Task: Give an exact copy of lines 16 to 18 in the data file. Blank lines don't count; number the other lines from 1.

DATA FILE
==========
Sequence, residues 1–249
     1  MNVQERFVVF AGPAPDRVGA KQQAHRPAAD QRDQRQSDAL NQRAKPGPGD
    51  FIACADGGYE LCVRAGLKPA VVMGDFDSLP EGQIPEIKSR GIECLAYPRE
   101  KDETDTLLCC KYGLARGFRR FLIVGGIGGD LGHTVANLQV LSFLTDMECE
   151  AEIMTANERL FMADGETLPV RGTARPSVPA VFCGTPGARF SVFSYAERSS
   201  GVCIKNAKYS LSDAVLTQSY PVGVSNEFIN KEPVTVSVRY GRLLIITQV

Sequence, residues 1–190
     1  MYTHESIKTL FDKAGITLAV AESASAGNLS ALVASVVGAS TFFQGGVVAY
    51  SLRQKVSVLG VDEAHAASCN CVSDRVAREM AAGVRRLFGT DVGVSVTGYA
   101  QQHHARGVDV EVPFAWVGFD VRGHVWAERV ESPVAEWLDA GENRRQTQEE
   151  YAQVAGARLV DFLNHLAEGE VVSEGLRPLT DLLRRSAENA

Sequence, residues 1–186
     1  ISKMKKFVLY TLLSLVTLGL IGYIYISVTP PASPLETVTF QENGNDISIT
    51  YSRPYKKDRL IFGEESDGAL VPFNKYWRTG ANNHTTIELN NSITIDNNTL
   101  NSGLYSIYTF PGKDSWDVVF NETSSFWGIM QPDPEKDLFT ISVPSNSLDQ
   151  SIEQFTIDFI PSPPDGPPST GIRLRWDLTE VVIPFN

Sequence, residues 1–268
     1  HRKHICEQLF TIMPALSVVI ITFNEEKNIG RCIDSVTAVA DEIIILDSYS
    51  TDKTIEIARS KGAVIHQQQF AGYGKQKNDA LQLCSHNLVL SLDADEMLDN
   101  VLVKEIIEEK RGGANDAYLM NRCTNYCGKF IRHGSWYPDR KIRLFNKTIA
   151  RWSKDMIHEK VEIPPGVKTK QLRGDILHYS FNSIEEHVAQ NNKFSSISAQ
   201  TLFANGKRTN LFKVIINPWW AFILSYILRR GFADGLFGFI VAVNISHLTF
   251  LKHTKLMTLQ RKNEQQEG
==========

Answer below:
   151  SIEQFTIDFI PSPPDGPPST GIRLRWDLTE VVIPFN

Sequence, residues 1–268
     1  HRKHICEQLF TIMPALSVVI ITFNEEKNIG RCIDSVTAVA DEIIILDSYS